On 11 September 2001 Sir John Stevens, commissioner of the Metropolitan Police, was on an aircraft heading for America. He was about to meet his counterpart in the FBI for talks about combating organised crime. Instead, crime organised on a scale neither of them had anticipated was being committed. Sir John’s plane did a U-turn over the Atlantic. The captain of the plane urgently sought the counsel of his eminent passenger. ‘I went to the flight deck to talk to them and give my advice. You could see the shock that they were going through with the closure of American airspace. The purser in particular was in a state of great distress. I think most of us realised the world would never be the same again.’ Immediately on arriving back at Heathrow, Sir John went into the emergency session of the security committee Cobra, chaired by the Prime Minister. He realised then that he faced a challenge which exceeded that presented to any of his predecessors.
At 61, and now in his fifth year in charge of the Met, Sir John is media-savvy. He is also an adroit politician. Shortly before we met — in his 1960s teak office with the blast-resistant net curtains — a newspaper had announced that he had been ‘rebuked’ by the Home Secretary for saying an attack on Britain was ‘inevitable’. We now know he made the remarks because he knew of the forthcoming wave of arrests of Muslim extremists and a half-ton of ammonium nitrate. But had Mr Blunkett been angry with him?
‘No, not at all. Two to three days later I met the Home Secretary and he was very happy with what was being said. It may have been that he was misreported. Anyone who sees us together would say that ours is the warmest kind of relationship you could have. I see him officially and sometimes unofficially....’
Did the police know about Islamic extremists before the attacks on America? ‘Yes, but not to the extent that 11 September revealed. We were aware that there were some extremists in London and that was being monitored, specifically by Special Branch and MI5.’ He reminded me that at the time of the attack on the World Trade Center, London had been subjected to an 18-month bombing campaign by Irish republicans; al-Qa’eda sympathisers here had been monitored not least in case they were supplying assistance and support to other enemies of the British state. ‘Some [of them] had been brought in and reported before 11 September,’ he says, specifying the concerns the police had had about acts of incitement at the Finsbury Park mosque in north London.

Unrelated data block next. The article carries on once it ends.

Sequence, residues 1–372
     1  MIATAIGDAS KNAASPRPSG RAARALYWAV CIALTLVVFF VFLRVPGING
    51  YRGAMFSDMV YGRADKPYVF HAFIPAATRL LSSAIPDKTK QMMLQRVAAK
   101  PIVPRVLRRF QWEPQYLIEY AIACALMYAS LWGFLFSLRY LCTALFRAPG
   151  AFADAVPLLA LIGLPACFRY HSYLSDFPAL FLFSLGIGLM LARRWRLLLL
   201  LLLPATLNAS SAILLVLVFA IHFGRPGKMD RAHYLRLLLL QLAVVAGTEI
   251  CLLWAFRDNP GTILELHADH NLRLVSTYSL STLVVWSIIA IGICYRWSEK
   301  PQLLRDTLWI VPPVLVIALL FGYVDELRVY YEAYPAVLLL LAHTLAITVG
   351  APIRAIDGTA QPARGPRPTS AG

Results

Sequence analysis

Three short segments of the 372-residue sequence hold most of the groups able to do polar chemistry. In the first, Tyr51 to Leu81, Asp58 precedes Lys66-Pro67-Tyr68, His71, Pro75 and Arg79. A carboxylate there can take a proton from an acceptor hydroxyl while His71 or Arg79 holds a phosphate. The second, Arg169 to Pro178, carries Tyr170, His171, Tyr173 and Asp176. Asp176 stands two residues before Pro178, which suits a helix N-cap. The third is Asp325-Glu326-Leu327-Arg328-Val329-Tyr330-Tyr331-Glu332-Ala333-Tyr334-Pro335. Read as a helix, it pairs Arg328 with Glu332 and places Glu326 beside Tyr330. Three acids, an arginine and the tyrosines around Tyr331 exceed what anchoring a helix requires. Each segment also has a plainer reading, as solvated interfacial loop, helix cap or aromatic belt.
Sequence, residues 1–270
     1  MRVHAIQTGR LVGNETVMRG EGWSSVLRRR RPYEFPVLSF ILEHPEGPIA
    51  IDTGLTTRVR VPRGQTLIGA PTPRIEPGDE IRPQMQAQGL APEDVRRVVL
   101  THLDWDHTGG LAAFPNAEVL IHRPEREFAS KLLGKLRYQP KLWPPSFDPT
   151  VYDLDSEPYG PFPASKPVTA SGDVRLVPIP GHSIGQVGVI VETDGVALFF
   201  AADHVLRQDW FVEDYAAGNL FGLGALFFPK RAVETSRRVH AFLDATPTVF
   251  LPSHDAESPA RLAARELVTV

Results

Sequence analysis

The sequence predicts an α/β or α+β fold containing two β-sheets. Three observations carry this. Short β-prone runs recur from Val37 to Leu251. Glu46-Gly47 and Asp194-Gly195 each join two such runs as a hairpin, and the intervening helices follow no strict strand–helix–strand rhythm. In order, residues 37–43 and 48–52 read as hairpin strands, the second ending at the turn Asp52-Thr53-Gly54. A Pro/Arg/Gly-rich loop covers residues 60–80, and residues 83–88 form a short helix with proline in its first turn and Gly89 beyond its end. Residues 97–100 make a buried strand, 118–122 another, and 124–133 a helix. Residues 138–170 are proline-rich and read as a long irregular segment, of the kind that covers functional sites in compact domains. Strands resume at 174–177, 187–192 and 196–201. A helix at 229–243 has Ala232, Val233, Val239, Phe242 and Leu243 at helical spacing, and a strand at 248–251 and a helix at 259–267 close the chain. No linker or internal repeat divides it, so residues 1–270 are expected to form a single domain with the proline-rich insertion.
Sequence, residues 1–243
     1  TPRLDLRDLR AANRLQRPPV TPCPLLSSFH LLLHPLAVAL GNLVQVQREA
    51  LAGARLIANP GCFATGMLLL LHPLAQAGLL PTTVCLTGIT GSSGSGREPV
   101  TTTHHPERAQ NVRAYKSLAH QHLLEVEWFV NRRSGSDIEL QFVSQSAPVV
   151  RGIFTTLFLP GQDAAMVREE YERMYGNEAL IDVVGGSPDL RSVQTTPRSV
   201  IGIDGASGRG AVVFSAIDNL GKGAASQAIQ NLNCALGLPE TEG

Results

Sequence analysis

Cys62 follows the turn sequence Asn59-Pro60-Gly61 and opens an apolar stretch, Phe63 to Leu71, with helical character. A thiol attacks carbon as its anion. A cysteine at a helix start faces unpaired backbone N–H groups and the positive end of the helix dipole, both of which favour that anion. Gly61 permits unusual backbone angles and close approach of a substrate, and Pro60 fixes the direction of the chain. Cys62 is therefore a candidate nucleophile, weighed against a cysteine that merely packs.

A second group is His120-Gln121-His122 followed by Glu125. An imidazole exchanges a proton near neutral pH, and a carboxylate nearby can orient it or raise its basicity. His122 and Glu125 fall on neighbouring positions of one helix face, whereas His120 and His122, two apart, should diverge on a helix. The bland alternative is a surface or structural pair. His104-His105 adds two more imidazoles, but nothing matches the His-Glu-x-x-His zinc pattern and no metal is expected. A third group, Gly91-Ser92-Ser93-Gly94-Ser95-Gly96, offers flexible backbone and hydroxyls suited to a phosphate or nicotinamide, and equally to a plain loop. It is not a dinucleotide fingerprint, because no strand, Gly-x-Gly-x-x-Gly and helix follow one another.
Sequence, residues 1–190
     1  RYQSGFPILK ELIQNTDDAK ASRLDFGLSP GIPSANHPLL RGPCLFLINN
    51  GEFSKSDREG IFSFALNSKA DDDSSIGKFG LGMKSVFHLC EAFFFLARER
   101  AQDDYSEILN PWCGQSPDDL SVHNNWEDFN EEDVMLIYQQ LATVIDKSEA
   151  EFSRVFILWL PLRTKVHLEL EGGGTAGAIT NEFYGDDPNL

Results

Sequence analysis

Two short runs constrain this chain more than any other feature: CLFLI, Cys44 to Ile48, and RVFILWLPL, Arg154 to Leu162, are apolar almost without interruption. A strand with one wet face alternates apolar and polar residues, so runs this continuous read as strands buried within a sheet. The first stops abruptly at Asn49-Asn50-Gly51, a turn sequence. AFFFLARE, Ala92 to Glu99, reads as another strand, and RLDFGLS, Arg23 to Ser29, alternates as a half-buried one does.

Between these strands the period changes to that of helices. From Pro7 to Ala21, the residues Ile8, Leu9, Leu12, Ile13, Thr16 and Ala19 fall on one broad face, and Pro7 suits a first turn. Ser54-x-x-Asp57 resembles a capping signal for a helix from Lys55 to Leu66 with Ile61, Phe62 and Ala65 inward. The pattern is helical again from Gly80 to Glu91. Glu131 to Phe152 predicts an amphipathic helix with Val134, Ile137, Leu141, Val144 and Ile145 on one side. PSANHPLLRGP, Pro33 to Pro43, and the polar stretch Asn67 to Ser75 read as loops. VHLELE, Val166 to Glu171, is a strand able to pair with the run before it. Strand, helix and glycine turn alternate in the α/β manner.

In retrospect, did he feel he had been complacent about the threat posed before the attacks on America? ‘I don’t think up to 11 September any of us were aware of the real extent of the threat. To be perfectly frank, the emphasis before then was on defeating Northern Ireland terrorists. We are now in a state of real danger.’ The IRA were easier to deal with, he agrees. The difference is in the scale of what these people are prepared to do. It was a wake-up call and we are now awake.’
He knows he can deal with the new threat only with the help of the Muslim community. The plea by moderate leaders last week to assist the police in the fight against terror was, he says, a ‘very brave stand’ that has given him ‘massive optimism for the future’. He adds that ‘99 per cent of the Muslim community are not supporting terrorists’ and that police officers have built ‘great relationships’ with individual mosques. His force is now 30,300 strong, the biggest it has ever been, and should be 35,000 by 2006. Fifteen per cent of those being trained at Hendon are from the ethnic minorities. ‘Not only have we got to have a Muslim presence, but also people who speak the languages and understand the culture. These are incredibly sensitive issues. We’ve got to be very careful in not upsetting the vast majority of Muslims. I personally believe we’re through that.’
So, after the wave of arrests, what does he think the likelihood is now of a terrorist attack? ‘There is the chance that someone will slip through. It’s my job to ensure they don’t succeed.’ He denies scaremongering. ‘If we didn’t actually look at the danger in a realistic way, we’d be in trouble for not doing everything we ought to do. Those of us who’ve actually had experience in fighting terrorism — in my case, for 32 years — know that we need to alert the public to help us.’ It was an old lady in Ealing, he says, whose information led to the arrest of the masterminds of the Real IRA bombing campaign.